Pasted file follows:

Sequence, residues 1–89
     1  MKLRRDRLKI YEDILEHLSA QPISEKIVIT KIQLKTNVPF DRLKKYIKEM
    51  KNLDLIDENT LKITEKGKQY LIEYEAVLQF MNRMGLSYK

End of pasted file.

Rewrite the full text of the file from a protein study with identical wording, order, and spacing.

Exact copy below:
Sequence, residues 1–89
     1  MKLRRDRLKI YEDILEHLSA QPISEKIVIT KIQLKTNVPF DRLKKYIKEM
    51  KNLDLIDENT LKITEKGKQY LIEYEAVLQF MNRMGLSYK